09/24/2015 – Ephemeris – Looking forward to Sunday’s Lunar Eclipse
Ephemeris for Thursday, September 24th. The Sun will rise at 7:32. It’ll be up for 12 hours and 4 minutes, setting at 7:36. The Moon, half way from first quarter to full, will set at 4:20 tomorrow morning.
Lets check out Sunday’s total lunar eclipse. It will be visible from the entire contiguous United States, and in its entirety from Colorado, eastward. The partial phase will start at 9:07 p.m. The total phase will begin at 10:11 p.m. and extend to 11:23 p.m. when the ending partial phase will start. The eclipse will end at 12:27 a.m. The eclipse is perfectly viewable with the naked eye or binoculars. For those who want company and commentary as to what’s going on, the Grand Traverse Astronomical Society will provide two venues from which to view the eclipse: The Northwestern Michigan College’s Rogers Observatory, south of Traverse City on Birmley Rd. and Platte River Point at the end of Lake Michigan Road off M22, part of the Sleeping Bear Dunes National Lakeshore, weather permitting.
Times are for the Traverse City/Interlochen area of Michigan. They may be different for your location.
The following is an excerpt from my September 1 post.
Contact times are labeled P1, U1, U2, U3, U4, and P4. P2 and P3 are omitted because they are synonymous with U1 and U4 respectively:
- P1 – 8:11:47 p.m. Enter the penumbra (unseen). By about 8:30 the duskiness on the left edge of the moon will start to be noticeable.
- U1 – 9:07:11 p.m. Enter the umbra (partial eclipse begins).
- U2 – 10:11:10 p.m. Totality begins.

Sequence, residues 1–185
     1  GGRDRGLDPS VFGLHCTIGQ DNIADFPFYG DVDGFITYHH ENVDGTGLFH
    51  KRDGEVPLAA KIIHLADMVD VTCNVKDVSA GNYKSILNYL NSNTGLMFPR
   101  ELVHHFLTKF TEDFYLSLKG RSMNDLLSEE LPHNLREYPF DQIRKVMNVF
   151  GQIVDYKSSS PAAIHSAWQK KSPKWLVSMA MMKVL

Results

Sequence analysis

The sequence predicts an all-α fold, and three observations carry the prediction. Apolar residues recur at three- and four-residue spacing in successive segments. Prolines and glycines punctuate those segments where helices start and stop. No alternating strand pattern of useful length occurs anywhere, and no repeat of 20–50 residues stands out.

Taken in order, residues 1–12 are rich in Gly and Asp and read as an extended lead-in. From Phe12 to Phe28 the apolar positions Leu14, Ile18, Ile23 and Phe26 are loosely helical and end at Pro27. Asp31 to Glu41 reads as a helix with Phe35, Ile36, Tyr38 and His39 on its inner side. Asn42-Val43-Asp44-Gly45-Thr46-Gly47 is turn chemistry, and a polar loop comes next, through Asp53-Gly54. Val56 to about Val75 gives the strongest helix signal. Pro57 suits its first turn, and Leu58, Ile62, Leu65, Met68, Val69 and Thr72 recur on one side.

- Mid eclipse 10:48:17 p.m.
- U3 – 11:23:05 p.m. Totality ends, egress partial phase begins.
- U4 – 12:27:03 a.m. Partial phase ends. The Moon’s upper right edge should appear dusky for the next half hour or so.
- P4 – 1:22:27 a.m. Penumbral phase ends (unseen).
Note: The duskiness of the penumbral phase of the eclipse can be enhanced by viewing through sunglasses.
During the total phase, light leaks in around the Earth due to the bending of light in the Earth’s atmosphere, so the Moon is illuminated by the collective sunrises and sunsets around the globe. This usually gives the Moon a coppery hue, that some are now calling a blood moon. Occasionally, due to volcanic eruptions the Moon can become very dark.
This full moon is also the Harvest Moon and for those who care, a supermoon, it having reached perigee earlier that day.
Weather permitting there will be two GTAS venues to view this eclipse. The first will be the NMC Rogers Observatory. The second will be at the Sleeping Bear Dunes National Lakeshore at Platte River Point at the end of Lake Michigan Road. The site will be open for the visible parts of the eclipse from 9 p.m. to 12:30 a.m.